Augusta, Ga. – “Get down. … Land soft. … Just an ounce right. … Be enough. … Oh my gosh! … Be good.”
All week at the Masters, Jordan Spieth spoke to his golf ball as if it were a beloved pet that had escaped the leash. What differentiates him from hackers all over the world is that his Titleists perform as if trained.
The first-person oral history of Spieth’s historic victory will be easy to access, and worth saving. At 21, Spieth on Sunday became the second-youngest player ever to win the Masters, tying Tiger Woods’ record of 18 under par with a rope-a-dope final round during which he replaced the usual Augusta National roars with yawns, winning by four strokes over Phil Mickelson and Justin Rose.
Spieth shot a 70, setting the tournament record with 27 birdies but losing a chance at holding the record outright with an 18th-hole bogey that didn’t keep him from hugging a dozen family members and friends who waited by the green.
His sister, Ellie, is a 14-year-old with special needs, whom Spieth has credited with keeping him “grounded.” She watched him lose in a playoff in Houston last week but didn’t travel to Augusta. “After each round in Houston, she asked, ‘Jordan, did you win?’ ” Spieth said. “I said, ‘Not yet, not yet, and no.’ I can tell her I won now.”
He did so despite challenges that didn’t face Woods when he shot 18 under in 1997. Augusta National is longer and tougher now, featuring gradations of rough that didn’t exist then, and Woods’ stardom spawned a generation of physically fit, fearless golfers who may soon call Spieth their leader.
“He’s going to fly the flag for golf for quite a while,” Rose said.
Spieth starred in a home video when he was 14, saying he planned to win the Masters, so it shouldn’t have been surprising that his speeches were flawless. He thanked the fans during the green jacket ceremony, using the club-preferred pronoun “patrons,” saying, “The roars at Augusta, you create them.”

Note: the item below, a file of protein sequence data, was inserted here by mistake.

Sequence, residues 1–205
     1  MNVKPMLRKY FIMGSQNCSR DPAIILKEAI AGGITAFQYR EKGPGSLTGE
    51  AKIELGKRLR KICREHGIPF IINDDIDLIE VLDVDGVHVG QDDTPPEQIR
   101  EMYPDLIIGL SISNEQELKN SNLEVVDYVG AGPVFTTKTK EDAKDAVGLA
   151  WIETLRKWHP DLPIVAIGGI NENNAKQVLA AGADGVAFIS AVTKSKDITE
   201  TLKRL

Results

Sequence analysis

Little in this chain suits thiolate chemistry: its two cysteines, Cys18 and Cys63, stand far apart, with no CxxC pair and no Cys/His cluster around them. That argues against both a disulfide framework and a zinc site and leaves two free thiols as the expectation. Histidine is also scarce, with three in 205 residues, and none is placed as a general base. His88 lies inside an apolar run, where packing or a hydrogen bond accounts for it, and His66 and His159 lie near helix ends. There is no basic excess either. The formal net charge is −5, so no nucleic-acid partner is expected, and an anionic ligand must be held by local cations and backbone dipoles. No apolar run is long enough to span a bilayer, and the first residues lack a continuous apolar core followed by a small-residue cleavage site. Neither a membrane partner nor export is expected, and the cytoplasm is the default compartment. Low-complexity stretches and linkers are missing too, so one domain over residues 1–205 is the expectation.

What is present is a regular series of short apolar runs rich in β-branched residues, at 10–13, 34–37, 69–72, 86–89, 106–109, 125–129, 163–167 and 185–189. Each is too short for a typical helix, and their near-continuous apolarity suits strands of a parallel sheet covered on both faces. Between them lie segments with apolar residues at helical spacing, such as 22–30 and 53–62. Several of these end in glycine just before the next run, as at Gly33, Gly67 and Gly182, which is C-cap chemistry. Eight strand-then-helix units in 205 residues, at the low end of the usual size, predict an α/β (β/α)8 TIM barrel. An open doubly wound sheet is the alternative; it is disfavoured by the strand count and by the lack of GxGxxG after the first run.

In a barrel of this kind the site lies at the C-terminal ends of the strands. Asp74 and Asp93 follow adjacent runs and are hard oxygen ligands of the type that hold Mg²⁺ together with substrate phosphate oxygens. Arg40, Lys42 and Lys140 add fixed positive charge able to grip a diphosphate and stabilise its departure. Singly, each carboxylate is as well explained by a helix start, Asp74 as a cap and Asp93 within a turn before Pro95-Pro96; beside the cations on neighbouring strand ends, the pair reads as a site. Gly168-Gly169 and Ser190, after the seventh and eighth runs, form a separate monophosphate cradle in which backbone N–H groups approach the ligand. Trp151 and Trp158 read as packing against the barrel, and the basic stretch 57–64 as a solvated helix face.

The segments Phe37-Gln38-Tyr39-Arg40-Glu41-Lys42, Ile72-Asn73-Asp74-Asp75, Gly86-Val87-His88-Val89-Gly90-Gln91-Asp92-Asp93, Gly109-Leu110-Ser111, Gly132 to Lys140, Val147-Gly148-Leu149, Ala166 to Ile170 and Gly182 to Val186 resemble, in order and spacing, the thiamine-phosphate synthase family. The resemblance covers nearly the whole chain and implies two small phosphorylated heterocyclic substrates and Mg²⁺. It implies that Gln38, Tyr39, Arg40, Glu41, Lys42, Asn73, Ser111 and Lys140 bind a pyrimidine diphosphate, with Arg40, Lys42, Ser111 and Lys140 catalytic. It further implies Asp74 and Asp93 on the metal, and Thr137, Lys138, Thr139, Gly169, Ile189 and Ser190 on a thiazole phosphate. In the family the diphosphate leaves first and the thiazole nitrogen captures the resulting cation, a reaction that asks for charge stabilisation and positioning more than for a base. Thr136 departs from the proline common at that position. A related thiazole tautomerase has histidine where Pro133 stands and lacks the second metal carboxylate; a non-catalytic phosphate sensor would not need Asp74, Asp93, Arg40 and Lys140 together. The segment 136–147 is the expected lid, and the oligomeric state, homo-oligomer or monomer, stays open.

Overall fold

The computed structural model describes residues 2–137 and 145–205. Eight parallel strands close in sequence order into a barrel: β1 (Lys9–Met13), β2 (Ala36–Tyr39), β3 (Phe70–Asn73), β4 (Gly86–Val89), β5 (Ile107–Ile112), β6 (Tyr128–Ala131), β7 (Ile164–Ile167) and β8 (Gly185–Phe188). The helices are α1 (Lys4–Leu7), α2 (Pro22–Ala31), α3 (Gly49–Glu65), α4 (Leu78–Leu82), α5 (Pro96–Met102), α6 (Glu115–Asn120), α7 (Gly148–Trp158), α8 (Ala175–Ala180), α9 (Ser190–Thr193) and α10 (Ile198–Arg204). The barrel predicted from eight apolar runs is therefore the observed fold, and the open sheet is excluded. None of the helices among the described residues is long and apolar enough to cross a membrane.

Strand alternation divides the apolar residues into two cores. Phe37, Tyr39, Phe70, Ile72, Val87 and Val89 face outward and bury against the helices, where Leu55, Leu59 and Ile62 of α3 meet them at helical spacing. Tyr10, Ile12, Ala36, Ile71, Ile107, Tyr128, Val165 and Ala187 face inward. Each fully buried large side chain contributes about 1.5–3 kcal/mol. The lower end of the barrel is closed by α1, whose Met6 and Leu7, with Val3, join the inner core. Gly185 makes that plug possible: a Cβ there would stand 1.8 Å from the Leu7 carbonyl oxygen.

He thanked his caddie, his family and even his chiropractor, and paid homage to fellow Texas Longhorn Ben Crenshaw, who played his last competitive round at the Masters this weekend. Spieth won the Masters after finishing second the previous year. That last player to do that: Crenshaw in 1984, so it was fitting that fans near the clubhouse shouted, “Hook ’em, ’Horns,” as Spieth walked past.
“He’s a tremendous shot-maker,” Mickelson said. “Great putter, great short game. He has no weaknesses.”
Certainly not on a podium. Spieth used the phrase made famous by CBS announcer Jim Nantz — “unlike any other” — as he accepted his jacket and said: “This isn’t an honor that’s carried lightly. Everyone who is part of the Masters demands highest quality on and off course. I feel ready.”
He felt ready Sunday morning, waking at 7 out of excitement, then texting his caddie, Michael Greller, to say that he wanted to reach 20 under par. He went for it, too, attacking all four par 5s, making three birdies. “Jordan just wanted to go for it,” Greller said.
Greller, who regularly beats Spieth at poker, told him he had “pocket aces” going into the last round, but the Spieth contingent looked nervous around the first hole. Spieth’s father, Shawn, handed out fist-bumps when Spieth birdied the first.
“He wanted so badly to come back right away after last year,” Shawn said. “We all believed he could do this. Just the way he approaches everything. You see it in his eyes.”
Crenshaw looked into his eyes and saw “Wyatt Earp,” and Spieth handled his four-shot lead entering the day more like a gunslinger than a caretaker. “Laying up, in the situations we were in, would not have been playing the course the right way,” Greller said. “We wanted to go for it.”
All young major winners wind up with uncomfortable comparisons to Woods, but this is telling: In Woods’ first two Masters, he shot a cumulative 21 under, winning once and tying for eighth. In Spieth’s first two Masters, on a more difficult course, he shot a cumulative 23 under, winning once and finishing tied for second.
Woods didn’t win his second major until more than two years after his Masters triumph — the PGA Championship in 1999. Spieth plans to beat the pace. He wants to usurp Rory McIlroy as the top-ranked player in the world.
“I’m still chasing that goal,” he said. “It’s going to be very difficult, but to be a large step closer is huge.
“When you’re a Masters champion, it’s a different legacy.”